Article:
Francis J Aquila
Sullivan & Cromwell
Over the years since the financial crisis, shareholder activism has been on the rise around the world. Increasingly institutional shareholders are taking a range of actions to leverage their ownership position to influence public company behaviour. Activist investors often advocate for changes to the company, such as its corporate governance practices, financial decisions and strategic direction. Shareholder activism comes in many forms, from privately engaging in a dialogue with a company on certain issues, to waging a contest to replace members of a company’s board of directors, to publicly agitating for a company to undergo a fundamental transaction.
Although the types of activists and forms of activism may vary, there is no question that shareholder activism has become a more prominent, and likely permanent, feature of the corporate landscape. Boards of directors, managements and the markets have increasingly become more attuned to shareholder activism, and engaging with investors has become a priority for boards and managements as a hallmark of basic good governance.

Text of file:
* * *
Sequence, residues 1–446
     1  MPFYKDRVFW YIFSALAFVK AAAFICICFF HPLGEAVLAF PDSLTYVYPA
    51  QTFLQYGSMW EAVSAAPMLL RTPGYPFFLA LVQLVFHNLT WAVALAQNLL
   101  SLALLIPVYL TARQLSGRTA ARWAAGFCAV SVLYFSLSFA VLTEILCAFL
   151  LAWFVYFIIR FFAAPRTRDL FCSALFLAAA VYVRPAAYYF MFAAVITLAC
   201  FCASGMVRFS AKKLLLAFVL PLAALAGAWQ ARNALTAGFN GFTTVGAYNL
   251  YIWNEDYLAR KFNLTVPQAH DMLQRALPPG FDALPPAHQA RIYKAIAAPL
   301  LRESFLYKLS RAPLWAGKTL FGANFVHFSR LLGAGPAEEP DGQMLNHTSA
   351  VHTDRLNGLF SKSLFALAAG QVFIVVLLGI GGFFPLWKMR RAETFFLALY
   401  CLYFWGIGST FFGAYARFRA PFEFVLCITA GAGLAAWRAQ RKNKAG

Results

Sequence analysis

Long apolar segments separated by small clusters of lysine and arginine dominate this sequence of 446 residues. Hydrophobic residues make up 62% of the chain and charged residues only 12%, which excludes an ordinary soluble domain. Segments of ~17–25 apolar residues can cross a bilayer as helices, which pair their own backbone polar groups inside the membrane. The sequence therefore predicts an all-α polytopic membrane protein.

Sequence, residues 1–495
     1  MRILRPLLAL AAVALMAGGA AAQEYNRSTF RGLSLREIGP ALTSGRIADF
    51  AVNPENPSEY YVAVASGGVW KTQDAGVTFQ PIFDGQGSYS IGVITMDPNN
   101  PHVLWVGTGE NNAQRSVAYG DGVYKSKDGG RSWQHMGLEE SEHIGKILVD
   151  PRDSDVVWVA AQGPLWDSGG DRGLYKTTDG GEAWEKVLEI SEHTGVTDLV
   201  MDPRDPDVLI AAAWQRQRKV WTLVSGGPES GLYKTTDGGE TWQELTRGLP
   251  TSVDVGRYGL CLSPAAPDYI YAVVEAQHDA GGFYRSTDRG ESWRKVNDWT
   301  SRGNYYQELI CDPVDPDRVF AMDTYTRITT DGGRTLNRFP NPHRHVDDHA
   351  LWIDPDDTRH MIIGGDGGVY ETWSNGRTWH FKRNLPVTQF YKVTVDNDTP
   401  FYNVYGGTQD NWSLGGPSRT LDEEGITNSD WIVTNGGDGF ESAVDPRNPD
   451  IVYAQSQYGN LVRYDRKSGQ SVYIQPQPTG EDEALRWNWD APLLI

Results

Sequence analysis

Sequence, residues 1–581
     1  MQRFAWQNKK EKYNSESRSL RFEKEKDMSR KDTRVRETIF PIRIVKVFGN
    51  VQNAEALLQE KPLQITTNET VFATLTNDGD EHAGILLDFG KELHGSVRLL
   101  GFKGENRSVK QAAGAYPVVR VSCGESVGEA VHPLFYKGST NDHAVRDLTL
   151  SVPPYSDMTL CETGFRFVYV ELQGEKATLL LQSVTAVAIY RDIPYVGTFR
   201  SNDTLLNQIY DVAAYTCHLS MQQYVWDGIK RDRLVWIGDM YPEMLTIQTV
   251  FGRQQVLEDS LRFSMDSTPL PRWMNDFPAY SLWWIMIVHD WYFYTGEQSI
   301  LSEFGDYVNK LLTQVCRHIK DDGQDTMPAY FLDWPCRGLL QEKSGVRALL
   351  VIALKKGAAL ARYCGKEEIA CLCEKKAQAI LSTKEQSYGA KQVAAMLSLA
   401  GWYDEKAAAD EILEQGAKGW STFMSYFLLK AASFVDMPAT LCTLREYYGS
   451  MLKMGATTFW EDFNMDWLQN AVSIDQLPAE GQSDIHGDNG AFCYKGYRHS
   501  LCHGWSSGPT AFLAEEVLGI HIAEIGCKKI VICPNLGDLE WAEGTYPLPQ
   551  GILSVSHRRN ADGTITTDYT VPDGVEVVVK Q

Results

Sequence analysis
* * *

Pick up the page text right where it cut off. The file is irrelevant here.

Shareholder activism has become a global phenomenon that is effecting change to the corporate landscape not only in North America but also in Europe, Australia and Asia. While shareholder activism is still most prevalent in North America, and particularly in the United States, shareholder activism is expanding its reach across the globe. This movement is being driven by, among other things, a search by hedge funds for new investment opportunities and a cultural shift toward increased shareholder engagement in Europe, Australia and Asia.